Price rewarded for steady dominance
Rays' left-handed ace wins club's first Cy Young Award
In his fourth full season as a Major League starter, everything came together for Rays left-hander David Price. He topped even his best previous season, a 2010 campaign that saw him finish as the runner-up for the American League Cy Young Award.
So while there were cases for not only the other two finalists but some other candidates as well, Price's time has come. The Rays have had two AL Rookie of the Year Award winners, and now they can add one of the two biggest awards handed out by the Baseball Writers' Association of America: the Cy Young.
Price's steady, consistent excellence was invaluable to his team and is magnified by the high level of competition he faced and the stress under which he delivered it. He was rewarded Wednesday with the American League's highest pitching honor.
"That's why I play the game," Price said. "I don't do this for the paycheck. I don't do this to be an average big leaguer. I want to leave my mark on baseball. That's why I do it. I said that in an interview back in 2008. I said, 'When people think about baseball and people think about pitching, I want them to think about David Price.' That's the way I've always been."
Price put up the kind of numbers that lead to season-ending hardware. He led the AL in ERA at 2.56, in wins with 20, and ranked sixth with 205 strikeouts. Price allowed a mere 16 home runs, the second-lowest total of any AL hurler who topped 200 innings. He was fourth in the league in WHIP.
In his age-26 season, Price continued his incremental improvement to turn in his best year yet. And the previous ones were all pretty good.
"He had a good run in 2010 for the Cy Young, but I think he was more of a thrower that year than a pitcher," said teammate James Shields. "And even though he had good numbers that year, I think that this year he was a much better pitcher as far as being a pitcher and knowing how to pitch and knowing himself as a pitcher. I think he definitely deserves it."
As Shields noted, it's not just the totals, it's how Price put them up. He was dependable, turning in one good performance after another, every five days. Price tied Justin Verlander for the lead in quality starts (six or more innings, three or fewer earned runs) with 25. Stretch the requirement to seven innings, and he led the league all by himself, with 22.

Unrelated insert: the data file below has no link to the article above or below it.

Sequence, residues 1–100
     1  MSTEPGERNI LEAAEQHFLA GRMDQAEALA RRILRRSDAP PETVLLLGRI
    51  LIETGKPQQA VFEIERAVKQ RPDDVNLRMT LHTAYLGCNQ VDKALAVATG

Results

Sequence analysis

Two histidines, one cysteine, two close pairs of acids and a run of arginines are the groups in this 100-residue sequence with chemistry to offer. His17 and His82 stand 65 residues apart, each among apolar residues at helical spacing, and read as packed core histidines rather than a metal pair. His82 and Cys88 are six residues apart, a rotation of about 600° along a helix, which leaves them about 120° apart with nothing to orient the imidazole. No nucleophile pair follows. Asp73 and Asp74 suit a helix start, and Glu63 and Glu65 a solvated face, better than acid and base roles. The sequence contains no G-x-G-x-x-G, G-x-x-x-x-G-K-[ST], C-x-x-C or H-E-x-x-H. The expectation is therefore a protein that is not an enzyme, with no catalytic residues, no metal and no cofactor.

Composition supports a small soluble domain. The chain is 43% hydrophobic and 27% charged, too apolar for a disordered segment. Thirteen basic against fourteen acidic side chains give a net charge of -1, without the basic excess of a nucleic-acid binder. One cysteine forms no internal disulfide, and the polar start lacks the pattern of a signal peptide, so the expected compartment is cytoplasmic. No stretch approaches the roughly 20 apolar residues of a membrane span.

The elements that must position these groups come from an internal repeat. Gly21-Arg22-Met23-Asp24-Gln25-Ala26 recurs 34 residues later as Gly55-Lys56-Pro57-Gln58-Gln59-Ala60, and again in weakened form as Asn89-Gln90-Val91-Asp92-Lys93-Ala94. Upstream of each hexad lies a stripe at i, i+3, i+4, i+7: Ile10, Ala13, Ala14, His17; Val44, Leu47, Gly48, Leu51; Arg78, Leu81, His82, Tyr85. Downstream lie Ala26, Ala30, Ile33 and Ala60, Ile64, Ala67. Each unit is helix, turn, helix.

That, in itself, is surely not enough to justify a Cy Young Award for any pitcher. But it's an indication of what it is that Price did so well for the Rays. He delivered quality innings, in bulk, start after start. Price did it for a team that had a hard time scoring runs, so every time he took the mound, he knew that even three or four runs might mean defeat.
And Price did it in the AL East, which even in a somewhat down year remained one of baseball's most daunting divisions.
That shows up in the numbers. Measured by opponents' OPS, Price faced the fifth-toughest slate of hitters of any AL starter this year (according to Baseball Prospectus). The aggregate OPS (on-base percentage plus slugging percentage) of the hitters who faced Price was .763, more than four percent better than the overall AL average of 731. Verlander ran the 15th-toughest gauntlet among qualifying starters, Jered Weaver 29th of the 36 pitchers who tossed 162 innings in the Junior Circuit.
So game in and game out, against one of the toughest schedules in the league and with minimal margin for error, Price gave his team a strong chance to win. He helped an effective bullpen succeed by limiting the number of innings that Tampa Bay relievers had to pitch. And Price was reliable all season long, from Opening Day all the way to the end.
There's not much more you can ask.
|David Price, Rays||14||13||1||153|
|Justin Verlander, Tigers||13||13||2||149|
|Jered Weaver, Angels||2||14||9||2||70|
|Felix Hernandez, Mariners||5||10||6||41|
|Fernando Rodney, Rays||1||5||4||8||38|
|Chris Sale, White Sox||1||4||6||17|
|Jim Johnson, Orioles||1||3||5|
|Matt Harrison, Rangers||2||2|
|Yu Darvish, Rangers||1||1|
Matthew Leach is a national reporter for MLB.com. This story was not subject to the approval of Major League Baseball or its clubs.